1 sprig fresh rosemary, or ½ teaspoon dry
1 teaspoon honey (optional)

Combine the herbs. Pour 2 cups boiling water over the herbs and let steep, covered, for at least 10 minutes. Strain, sweeten with honey, if desired, and enjoy.

Herbs to Improve Circulation and Reduce Oxidation and Inflammation

Your brain requires voluminous blood flow to function properly. Blood delivers essential nutrients, including oxygen and glucose; shuffles out waste; and transports hormones. Tiny blood vessels network throughout your brain, so microcirculation and the health and strength of those capillaries is crucial. Herbal cardiovascular tonics (see chapter 10 in my book), therefore, play a major role in preserving brain health.

Likewise, oxidation and inflammation really gum up the works, inhibiting blood flow and creating roadblocks in your neural roadways. Some damage may become obvious immediately, but long-term signs—including Alzheimer’s and dementia—take decades to accumulate and are revealed only in your elder years, when it’s more difficult to reverse the pattern. Scientists are just beginning to analyze inflammatory markers in the blood as early warning signs of cognitive damage and reduced brain function and the risk of developing dementia. Most scientific research keys in on the use of nonsteroidal anti-inflammatory drugs (NSAIDs), but herbalism offers us promising, safer natural solutions. Diet, stress, sleep, and exercise have the most profound effects on inflammation and oxidation in your body; however, several brain herbs—like the nootropic gotu kola and ginkgo, profiled below—may also provide targeted care.

Gotu Kola (Centella asiatica)

Key Properties: This Ayurvedic herb remains one of my favorites due to its impressive history of use in addition to a multitude of “side benefits” that apply to many. Indians have revered it as a memory and brain tonic for at least 2,500 years. Sanskrit texts claim that gotu kola juice will improve memory and intellect in just 1 week, and with long-term use, photographic memory and longer life span. Studies support gotu kola’s ability to improve mood and cognitive brain function while decreasing anxiety in the elderly, and it also improves circulation and blood vessel integrity, as well as the body’s ability to use glucose (the primary brain fuel) for energy when blood sugar levels are low. Indian children eat it when they go back to school.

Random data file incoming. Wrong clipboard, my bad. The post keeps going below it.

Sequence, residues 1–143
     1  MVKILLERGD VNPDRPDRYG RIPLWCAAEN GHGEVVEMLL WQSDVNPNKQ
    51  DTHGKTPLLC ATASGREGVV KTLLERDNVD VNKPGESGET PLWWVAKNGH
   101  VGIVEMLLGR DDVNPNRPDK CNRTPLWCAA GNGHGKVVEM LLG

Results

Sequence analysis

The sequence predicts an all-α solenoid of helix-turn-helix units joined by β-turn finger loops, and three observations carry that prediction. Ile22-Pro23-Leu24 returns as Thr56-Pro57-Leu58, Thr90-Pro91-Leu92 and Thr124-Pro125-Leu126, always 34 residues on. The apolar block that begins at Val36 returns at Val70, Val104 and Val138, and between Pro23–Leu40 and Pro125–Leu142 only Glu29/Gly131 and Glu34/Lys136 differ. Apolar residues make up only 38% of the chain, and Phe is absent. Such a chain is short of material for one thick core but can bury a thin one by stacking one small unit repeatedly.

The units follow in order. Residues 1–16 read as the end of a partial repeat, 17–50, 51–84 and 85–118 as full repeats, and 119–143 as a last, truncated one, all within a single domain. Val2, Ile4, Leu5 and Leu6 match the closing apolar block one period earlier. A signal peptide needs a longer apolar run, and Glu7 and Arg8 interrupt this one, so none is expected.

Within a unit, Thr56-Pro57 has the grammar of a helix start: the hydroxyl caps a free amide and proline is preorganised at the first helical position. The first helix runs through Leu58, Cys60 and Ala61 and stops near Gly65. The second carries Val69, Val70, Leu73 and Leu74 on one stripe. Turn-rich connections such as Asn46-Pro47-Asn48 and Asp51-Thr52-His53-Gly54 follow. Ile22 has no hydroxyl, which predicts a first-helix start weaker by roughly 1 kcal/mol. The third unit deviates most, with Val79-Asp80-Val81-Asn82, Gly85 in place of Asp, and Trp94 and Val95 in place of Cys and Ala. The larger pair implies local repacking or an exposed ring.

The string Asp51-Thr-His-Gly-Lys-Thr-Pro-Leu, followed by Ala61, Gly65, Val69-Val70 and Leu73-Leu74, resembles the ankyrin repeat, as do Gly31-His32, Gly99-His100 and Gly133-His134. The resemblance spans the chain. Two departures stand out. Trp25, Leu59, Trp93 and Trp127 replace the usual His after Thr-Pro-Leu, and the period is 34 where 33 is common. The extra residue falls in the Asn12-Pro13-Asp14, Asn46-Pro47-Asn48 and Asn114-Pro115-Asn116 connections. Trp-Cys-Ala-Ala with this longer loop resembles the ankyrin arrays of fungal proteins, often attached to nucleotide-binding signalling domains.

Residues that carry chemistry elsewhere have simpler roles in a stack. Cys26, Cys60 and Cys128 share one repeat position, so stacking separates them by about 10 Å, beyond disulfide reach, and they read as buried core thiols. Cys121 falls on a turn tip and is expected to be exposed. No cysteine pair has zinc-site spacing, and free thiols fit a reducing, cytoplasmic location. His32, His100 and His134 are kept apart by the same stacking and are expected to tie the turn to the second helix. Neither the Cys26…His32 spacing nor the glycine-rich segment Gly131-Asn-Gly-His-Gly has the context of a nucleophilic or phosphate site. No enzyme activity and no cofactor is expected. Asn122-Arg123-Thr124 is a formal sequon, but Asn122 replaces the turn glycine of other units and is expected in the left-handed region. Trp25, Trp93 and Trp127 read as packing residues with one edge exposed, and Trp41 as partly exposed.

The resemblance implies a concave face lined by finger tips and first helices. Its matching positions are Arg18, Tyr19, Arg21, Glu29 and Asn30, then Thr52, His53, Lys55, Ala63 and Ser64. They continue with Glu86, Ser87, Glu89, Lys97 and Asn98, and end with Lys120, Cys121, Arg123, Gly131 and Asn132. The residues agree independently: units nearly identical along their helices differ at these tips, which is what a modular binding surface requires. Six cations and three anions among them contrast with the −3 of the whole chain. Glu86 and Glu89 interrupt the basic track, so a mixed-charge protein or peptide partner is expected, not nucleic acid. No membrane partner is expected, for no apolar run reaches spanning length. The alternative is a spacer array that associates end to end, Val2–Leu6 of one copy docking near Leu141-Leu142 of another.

Additional Benefits: Gotu kola also acts as a calm-energy adaptogen to relieve stress. It decreases anxiety without making you sleepy. It supports the health of connective tissues and the repair of tissue damage.

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Preparation: Tea, tincture, capsule, juiced, powdered in smoothies, or as food. Standard herb doses apply. The leaves have a peppery flavor that easily blends with other herbs. Asian pennywort drink is made with this herb. Gotu kola and bacopa both go by the name brahmi, so when you’re buying, check the Latin name to ensure you have the right herb.

Cautions and Considerations: Generally safe for all ages, but it shouldn’t be used during pregnancy or nursing without supervision, may thin blood, and interacts with a few medications. Seek organic sources or grow your own; it naturally grows in sewage-sludgy conditions and can be contaminated with bacteria, including E. coli.

What Is a Nootropic?

Nootropics are “smart herbs” (or drugs) that improve memory, brain function, and intelligence.

General Uses: As brain tonics, these remedies help maintain and improve memory and cognitive ability while improving levels and function of neurotransmitters. Nootropics are typically reserved for brain concerns; however, they may also aid mental health and any condition that has a neural component.

Examples: Many Ayurvedic herbs work as nootropics, in particular bacopa, gotu kola, and holy basil, as well as rosemary, lavender, ginkgo, rhodiola, and, from the fungal world, reishi, lion’s mane, and cordyceps. Nervines and stimulants may also have value.

Ginkgo (Ginkgo biloba)

Key Properties: Ginkgo tops the best-seller charts for improving memory, and it has a particular affinity for the elderly and onset of dementia and Alzheimer’s. Traditional Chinese medicine has relied on ginkgo seeds for thousands of years, but the use of ginkgo leaves for memory is a new invention of European phytopharmacologists. Ginkgo has antioxidant, anti-inflammatory, and circulatory effects, boosting microcirculation to the brain. It decreases platelet aggregation (blood cell clumping); improves the way your brain uses glucose, oxygen, and ATP for energy; prevents strokes; and delays or improves the early stages of senile dementia. Though the research is mixed, it’s worth considering in the early onset of dementia and generally quite safe when used as a standardized extract. Though it may benefit younger, healthy people, I find the other herbs in this chapter more useful for them.

Additional Benefits: Ginkgo leaf extract tends to be used almost exclusively for improving memory, cognition and brain function. Although it can be used as a general antioxidant and circulation booster, other herbs like hawthorn and blueberry are probably more appropriate and useful. Some studies suggest that it alleviates symptoms of erectile dysfunction, age-related macular degeneration, and depression, but the evidence is preliminary and mixed.